We continued to the Mingun Bell, located near the pagoda. At 90,718 kilograms, its been the heaviest functioning bell in the world at several times throughout history. Around the bell there were many locals with kids hanging out and eating grasshoppers.
We moved on to the Taj Mahal of Burma, Hsinbyume also known as Myatheindan. This beautiful white pagoda was built by King Bagyidaw for his wife, the White Elephant Princess, Hsinbyume, who passed away during childbirth.
The pagoda is very different than the traditional Burmese structures. It is absolutely gorgeous and great for taking pictures.
Pho Se recommended we stop for lunch at Minn Wun Valley Cafe. This fantastic restaurant has amazing food and service. We had 2 large beers, 2 orders of spring rolls, 2 Kaffir Lime soups, pork curry, Singaporean flat noodles and Malaysian noodles for just 27,900 Kyat approximately $21 USD.
After lunch we went up to Mandalay Hill, the landmark of the former capital, which overlooks the city. At the top of the hill is the temple Su Taung Pyi, meaning wish-granting. The pagoda offers gorgeous panoramic views of Mandalay, Sagaing Hills, Irrawaddy River and Mingun. It really is a stunning place and I could have spent much more time taking it in.
Our last sightseeing stop for the day was Kyauktawgyi Pagoda. This temple is home to The Great Marble Image of Buddha, a huge single block sculpture of pale green marble. It took about 13 days and approximately 11,000 men to move this marble statue up to the temple.
After our wonderful day with Pho Se, he invited us to his house to meet his family for dinner. This was the highlight of the day for us! The welcoming nature and hospitality of the Myanmar people amazes us. We were delighted and had a wonderful time talking to him, his father, mother and siblings. We laughed quite a bit and had another authentic meal prepared by Pho Se’s mother.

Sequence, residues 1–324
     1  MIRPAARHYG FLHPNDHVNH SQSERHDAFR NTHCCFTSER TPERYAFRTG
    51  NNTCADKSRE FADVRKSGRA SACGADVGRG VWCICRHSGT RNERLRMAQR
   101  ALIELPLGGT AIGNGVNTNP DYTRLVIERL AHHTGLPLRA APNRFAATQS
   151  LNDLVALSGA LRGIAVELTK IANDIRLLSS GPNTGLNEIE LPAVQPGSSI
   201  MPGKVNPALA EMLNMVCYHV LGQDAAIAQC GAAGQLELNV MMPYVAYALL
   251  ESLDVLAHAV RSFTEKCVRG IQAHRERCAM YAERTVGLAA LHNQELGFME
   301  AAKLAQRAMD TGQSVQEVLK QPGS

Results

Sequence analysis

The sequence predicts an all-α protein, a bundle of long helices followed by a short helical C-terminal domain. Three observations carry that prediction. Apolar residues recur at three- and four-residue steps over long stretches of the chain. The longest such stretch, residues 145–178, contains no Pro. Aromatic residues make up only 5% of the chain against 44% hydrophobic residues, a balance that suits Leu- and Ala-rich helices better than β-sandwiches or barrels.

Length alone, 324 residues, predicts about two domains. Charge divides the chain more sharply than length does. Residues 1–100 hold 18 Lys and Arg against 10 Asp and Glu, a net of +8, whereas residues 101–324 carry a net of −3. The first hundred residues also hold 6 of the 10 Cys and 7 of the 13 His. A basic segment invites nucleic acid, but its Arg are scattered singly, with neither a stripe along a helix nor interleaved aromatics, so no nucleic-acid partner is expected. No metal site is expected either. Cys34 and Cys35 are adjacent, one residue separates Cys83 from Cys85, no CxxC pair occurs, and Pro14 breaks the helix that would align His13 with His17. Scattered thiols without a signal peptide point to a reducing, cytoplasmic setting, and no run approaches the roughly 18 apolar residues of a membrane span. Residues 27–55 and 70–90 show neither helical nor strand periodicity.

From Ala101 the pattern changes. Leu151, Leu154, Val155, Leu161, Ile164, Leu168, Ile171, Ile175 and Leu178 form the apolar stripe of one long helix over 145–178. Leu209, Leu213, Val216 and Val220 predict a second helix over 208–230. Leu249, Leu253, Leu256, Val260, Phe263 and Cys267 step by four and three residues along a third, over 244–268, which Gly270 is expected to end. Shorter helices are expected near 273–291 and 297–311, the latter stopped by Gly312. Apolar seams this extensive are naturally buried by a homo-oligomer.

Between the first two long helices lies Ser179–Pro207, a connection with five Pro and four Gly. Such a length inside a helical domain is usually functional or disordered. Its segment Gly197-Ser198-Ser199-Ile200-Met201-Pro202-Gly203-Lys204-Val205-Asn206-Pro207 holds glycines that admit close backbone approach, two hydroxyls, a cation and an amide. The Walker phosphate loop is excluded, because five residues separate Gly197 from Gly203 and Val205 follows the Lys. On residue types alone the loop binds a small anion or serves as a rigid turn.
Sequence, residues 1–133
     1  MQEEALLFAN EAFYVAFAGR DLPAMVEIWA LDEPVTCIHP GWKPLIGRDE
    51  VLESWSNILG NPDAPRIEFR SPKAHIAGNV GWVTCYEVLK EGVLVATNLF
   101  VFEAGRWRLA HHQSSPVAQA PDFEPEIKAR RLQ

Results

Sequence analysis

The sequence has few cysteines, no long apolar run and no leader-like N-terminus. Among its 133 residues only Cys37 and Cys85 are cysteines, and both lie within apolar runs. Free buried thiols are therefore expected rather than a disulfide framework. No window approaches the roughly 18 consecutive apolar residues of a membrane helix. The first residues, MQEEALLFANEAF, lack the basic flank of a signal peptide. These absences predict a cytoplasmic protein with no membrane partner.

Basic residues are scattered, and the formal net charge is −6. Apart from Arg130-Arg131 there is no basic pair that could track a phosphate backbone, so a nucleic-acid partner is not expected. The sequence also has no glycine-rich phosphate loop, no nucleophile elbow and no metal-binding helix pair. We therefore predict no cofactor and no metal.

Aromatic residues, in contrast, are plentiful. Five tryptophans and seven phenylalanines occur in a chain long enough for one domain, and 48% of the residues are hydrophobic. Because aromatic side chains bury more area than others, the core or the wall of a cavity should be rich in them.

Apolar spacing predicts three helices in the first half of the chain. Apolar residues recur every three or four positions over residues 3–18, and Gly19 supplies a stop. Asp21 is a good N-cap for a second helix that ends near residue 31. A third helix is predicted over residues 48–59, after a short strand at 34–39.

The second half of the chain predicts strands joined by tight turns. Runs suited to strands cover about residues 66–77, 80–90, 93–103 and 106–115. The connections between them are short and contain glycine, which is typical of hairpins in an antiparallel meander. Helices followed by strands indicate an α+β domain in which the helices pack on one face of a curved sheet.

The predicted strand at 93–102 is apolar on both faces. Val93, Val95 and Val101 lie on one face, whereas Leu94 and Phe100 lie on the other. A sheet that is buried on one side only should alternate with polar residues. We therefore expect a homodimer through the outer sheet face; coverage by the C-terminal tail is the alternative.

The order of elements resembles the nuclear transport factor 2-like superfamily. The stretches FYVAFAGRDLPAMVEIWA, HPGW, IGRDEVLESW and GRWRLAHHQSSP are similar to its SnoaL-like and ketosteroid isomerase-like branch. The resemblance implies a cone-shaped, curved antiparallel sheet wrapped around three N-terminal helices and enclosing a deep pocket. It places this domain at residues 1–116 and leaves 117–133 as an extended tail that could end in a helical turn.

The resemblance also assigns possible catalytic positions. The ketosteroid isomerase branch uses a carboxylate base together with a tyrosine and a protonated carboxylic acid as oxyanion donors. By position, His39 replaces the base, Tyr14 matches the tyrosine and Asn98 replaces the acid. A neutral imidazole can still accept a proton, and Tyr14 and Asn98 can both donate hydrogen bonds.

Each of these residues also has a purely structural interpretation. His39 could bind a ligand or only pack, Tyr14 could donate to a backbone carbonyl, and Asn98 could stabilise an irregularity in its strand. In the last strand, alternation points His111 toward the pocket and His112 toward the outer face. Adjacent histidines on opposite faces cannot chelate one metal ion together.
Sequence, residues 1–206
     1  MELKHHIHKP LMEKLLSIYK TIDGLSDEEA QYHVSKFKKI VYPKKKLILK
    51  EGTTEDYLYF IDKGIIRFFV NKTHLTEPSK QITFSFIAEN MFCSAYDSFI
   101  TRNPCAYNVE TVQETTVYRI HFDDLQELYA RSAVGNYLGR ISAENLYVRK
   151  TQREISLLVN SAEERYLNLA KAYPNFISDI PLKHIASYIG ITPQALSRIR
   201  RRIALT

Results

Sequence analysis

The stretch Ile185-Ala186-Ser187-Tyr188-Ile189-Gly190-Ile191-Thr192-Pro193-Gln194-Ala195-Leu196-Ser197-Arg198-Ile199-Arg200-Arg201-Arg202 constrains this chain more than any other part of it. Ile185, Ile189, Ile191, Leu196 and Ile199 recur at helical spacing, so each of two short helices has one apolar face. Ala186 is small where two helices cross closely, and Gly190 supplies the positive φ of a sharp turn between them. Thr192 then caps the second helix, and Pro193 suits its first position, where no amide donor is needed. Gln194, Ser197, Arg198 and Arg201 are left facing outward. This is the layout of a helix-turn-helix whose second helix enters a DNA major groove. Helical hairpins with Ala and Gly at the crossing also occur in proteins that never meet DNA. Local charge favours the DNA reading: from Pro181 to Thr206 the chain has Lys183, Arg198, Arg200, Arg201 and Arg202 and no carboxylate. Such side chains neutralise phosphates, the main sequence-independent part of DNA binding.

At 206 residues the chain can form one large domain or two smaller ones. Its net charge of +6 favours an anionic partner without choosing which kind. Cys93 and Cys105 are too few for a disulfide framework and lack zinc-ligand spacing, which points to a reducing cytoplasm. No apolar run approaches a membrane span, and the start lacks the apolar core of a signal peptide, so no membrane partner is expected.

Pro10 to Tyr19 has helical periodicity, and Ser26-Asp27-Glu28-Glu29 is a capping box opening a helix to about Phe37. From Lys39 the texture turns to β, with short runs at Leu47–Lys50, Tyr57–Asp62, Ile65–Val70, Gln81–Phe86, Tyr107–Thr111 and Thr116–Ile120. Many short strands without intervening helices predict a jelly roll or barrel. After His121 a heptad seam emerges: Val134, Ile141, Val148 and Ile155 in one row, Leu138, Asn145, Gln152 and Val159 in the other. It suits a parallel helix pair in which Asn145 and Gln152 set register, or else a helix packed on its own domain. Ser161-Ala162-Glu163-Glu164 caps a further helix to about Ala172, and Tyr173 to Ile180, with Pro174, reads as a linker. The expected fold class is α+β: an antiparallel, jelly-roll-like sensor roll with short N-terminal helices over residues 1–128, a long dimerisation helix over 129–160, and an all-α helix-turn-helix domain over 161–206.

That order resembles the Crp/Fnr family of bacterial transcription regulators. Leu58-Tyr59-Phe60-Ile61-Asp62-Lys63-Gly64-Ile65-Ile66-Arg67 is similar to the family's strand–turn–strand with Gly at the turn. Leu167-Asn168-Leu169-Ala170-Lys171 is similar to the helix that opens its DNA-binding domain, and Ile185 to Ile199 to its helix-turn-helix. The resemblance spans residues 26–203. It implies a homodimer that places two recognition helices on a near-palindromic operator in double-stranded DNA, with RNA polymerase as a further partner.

The following day, Pho Se picked us up and took us to a local tea house for a traditional Burmese breakfast. And what a breakfast it was! We tried Mohinga, the national breakfast dish made of fish broth with rice noodles and fried fritters as well as other delicious breakfast plates. OMG was that good and what an experience! There were no foreigners, just locals, and while we were feasting on these delicious plates, some of Pho Se’s friends came over to say hi and chat for a while.
After breakfast, we headed out to Mandalay Palace, the last royal palace of the Burmese monarchy. Located in the center of the city, the palace is walled and surrounded by a moat. Once the British came in and took over, they turned the palace into a fort.
Our final visit was at a gold leaf workshop. It’s amazing how they pound gold to flatten it out. Each worker pounds the gold for about 5 hours! We were able to see the complete process from when the gold comes in till when the gold leaves are finished.
Gold leaf is used to adorn Buddha statues and to decorate different products like home wears and souvenirs. You can also do what I did and wear it on your face 🙂
We had a brilliant time with Pho Se. It was like spending time with a good friend or family member who taught us about the city, culture and religion. The other thing about Pho Se is that he knows good locations for great pictures and loves to take selfies.